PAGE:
After qualitative data are coded, researchers can:
- Conduct exploratory analyses to find relationships in data.
- Chart patterns within and across documents.
- Collect all the text on a topic in software (e.g., show me examples of #patientcomplaints).
- Search for a subset of text (e.g., show me #talkofpain and #patientcomplaints together, in %Wave1 !InterviewData).
- Identify associations (e.g., do other codes come up with #pain? How often?).
- Use interactive retrieval of relevant quotations for monographs, papers, and reports.
This last point is almost universal. A big advantage of having coded data in a database is being able to “google” your data set rather than sifting through a stack of documents or hitting control-f to search a word document.
The coding practices above are not mutually exclusive. Codes often serve both logistical and substantive purposes. I often compare content to see if my field notes record events differently than the narratives of my interviewees. Or if friendship networks operate differently in different neighborhoods. I did this in my book on aging and inequality, and it helped with the longer ‘memos’ that became the chapters.
Codes are often used for identifying themes/concepts within text, even in very different research paradigms. Contemporary practice in my field of sociology is usually ‘iterative’—codes corresponding to both prior expectations (from existing literature/theory) and new themes that emerge in the data over the course of a project. Some prefer the grounded theory model of making codes only for what they see. From a computational point of view, the difference is when and how codes are generated and applied—application and retrieval of text are similar. Codes are all just tags to index text for the computer, whether they become part of a complex theory or help organize data types.
Coding is increasingly done in specialized qualitative data analysis (QDA) software for analyzing text data. I typically use ATLAS.ti, but NVIVO, MaxQDA and a growing number of new tools are good too. Software can speed up the process even for traditionalists and help with complex analyses. Software also allows some neat tricks like coding on images and allowing visualizations. You can still search with [control-f]. It is important to remember, all of this still requires a human deciding how to index the text. Even machine learning algorithms are trained by humans with goals (and biases), and used with parameters researchers set. Qualitative researchers usually think this human aspect is important and needs to be part of our inquiry.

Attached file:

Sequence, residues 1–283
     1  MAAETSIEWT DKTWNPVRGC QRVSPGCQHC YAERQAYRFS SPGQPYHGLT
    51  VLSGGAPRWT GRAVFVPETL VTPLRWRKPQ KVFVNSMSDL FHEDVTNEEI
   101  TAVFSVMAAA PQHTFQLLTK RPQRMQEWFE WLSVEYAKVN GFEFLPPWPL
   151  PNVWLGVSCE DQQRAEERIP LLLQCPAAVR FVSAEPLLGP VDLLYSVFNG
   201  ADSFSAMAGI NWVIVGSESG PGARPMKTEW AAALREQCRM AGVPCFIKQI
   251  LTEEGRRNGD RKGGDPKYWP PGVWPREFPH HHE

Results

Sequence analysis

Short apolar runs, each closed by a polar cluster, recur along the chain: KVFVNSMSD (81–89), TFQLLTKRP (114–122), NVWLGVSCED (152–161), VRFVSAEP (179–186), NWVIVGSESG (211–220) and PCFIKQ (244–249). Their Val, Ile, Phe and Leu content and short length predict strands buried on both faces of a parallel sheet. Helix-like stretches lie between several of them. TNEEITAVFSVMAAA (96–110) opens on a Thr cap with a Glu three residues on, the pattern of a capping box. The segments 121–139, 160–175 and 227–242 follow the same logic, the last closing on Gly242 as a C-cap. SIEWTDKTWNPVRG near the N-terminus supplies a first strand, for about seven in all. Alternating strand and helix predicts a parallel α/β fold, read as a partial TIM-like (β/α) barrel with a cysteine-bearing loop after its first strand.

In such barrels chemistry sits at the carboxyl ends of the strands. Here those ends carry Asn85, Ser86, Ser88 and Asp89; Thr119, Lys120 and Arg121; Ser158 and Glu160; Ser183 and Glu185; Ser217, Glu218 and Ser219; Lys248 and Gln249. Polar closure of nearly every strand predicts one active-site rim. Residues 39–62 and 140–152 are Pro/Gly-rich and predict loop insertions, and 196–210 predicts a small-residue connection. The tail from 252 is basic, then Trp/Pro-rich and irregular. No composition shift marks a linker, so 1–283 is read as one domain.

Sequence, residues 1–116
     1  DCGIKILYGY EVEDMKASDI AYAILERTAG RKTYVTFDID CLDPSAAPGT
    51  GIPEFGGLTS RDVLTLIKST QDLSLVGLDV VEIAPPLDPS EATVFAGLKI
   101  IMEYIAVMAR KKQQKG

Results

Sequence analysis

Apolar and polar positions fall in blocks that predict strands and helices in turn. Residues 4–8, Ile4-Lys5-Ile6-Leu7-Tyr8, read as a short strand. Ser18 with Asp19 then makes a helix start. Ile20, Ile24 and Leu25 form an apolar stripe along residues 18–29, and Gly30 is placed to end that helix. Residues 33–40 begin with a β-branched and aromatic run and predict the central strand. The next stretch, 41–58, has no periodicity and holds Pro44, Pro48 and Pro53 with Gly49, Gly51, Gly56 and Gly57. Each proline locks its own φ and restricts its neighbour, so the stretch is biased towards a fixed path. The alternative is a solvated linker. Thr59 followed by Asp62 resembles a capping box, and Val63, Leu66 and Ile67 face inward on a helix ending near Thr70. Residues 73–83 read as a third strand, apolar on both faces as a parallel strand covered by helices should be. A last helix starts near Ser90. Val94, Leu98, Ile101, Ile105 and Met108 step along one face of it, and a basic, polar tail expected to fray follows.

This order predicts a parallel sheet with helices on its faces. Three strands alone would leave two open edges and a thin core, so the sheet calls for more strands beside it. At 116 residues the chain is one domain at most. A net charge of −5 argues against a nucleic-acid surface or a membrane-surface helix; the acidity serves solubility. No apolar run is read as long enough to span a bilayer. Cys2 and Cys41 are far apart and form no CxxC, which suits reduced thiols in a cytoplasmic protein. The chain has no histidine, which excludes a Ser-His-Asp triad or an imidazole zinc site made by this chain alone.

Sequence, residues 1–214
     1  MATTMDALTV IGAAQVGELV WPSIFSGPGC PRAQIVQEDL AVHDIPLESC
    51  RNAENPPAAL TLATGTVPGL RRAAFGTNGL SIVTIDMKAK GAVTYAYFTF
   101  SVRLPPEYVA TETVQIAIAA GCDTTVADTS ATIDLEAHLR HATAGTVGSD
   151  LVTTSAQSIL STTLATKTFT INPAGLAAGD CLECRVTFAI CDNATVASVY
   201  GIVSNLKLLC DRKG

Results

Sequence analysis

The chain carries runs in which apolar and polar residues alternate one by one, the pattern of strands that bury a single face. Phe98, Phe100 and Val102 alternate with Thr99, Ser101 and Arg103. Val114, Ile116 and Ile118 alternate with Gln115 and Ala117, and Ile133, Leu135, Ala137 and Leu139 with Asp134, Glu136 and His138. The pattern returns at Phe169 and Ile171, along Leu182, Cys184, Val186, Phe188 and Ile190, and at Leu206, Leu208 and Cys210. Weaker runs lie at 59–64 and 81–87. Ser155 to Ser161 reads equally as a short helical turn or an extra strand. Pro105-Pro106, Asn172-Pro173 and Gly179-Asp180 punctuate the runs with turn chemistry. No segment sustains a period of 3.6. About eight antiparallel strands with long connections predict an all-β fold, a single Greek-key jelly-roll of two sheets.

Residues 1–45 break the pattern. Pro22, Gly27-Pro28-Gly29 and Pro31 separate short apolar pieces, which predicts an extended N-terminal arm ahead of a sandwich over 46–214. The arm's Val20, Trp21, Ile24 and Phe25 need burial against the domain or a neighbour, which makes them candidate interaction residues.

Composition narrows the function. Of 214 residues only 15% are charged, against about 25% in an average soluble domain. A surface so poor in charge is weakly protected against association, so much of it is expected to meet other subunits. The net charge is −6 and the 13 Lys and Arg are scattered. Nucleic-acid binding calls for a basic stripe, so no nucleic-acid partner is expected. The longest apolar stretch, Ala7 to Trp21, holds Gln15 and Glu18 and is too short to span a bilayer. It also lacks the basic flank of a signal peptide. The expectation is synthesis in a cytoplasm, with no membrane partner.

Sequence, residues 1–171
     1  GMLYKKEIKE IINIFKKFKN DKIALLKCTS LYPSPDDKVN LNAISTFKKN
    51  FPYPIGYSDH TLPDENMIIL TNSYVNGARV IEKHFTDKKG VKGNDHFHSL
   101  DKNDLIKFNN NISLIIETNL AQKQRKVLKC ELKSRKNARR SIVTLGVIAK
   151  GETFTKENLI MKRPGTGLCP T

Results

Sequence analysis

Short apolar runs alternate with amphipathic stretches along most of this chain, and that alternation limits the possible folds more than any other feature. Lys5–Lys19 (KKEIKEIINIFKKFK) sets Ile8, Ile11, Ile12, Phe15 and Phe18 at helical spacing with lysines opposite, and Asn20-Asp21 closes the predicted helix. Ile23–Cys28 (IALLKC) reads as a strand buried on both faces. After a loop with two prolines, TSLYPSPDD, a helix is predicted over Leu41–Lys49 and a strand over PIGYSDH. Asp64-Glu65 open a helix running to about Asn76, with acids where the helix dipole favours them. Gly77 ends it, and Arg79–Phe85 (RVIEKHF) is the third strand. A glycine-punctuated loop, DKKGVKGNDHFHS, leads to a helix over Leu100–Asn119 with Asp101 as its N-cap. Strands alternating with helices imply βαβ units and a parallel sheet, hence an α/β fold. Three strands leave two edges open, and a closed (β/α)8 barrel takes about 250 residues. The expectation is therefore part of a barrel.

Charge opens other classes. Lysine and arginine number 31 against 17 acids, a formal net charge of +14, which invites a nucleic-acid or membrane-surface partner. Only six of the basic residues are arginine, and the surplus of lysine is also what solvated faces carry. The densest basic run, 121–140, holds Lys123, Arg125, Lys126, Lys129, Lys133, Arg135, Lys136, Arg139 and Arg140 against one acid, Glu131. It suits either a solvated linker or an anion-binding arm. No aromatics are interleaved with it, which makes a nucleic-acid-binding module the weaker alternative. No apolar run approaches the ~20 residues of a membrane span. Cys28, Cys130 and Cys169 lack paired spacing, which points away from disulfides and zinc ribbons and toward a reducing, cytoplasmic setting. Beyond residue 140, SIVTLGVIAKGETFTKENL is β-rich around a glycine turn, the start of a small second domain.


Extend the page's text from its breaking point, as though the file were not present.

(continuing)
On the downside, coding is laborious.
I can only do it in hour increments before losing focus.
This is the core downside of qualitative coding for me. It takes forever. It is repetitive, but not purely mechanical. You get better at coding as you learn about the data and realize ‘kick the bucket’ is not about buckets, but a metaphor for death. So, coding often requires interpretation beyond just using dictionary terms. This becomes boring and in practice, you have seen many/most patterns after you get through a chunk of data, but still need to code all or most of the data for consistency. This is a big issue for large data sets like the Patient Deliberation Study (PtDelib) referenced above, which had >12,000 pages of data and took a year+ for the team to code.
One way of dealing with large data sets is to have multiple people code. That’s what we did with PtDelib. If you do so, it is important to make sure people code similarly enough (often estimated using intercoder agreement, or ICA, scores). Software helps streamline the process and calculate ICA, but it is still laborious and costly. Other options are to fully automate or use machine learning to help amplify, but not replace, human #tagging of data with codes.
A different post addresses one way that can be done. Regardless, coding is still the application of concepts (or #tags) that reflect analyst decisions about how to make sense of texts.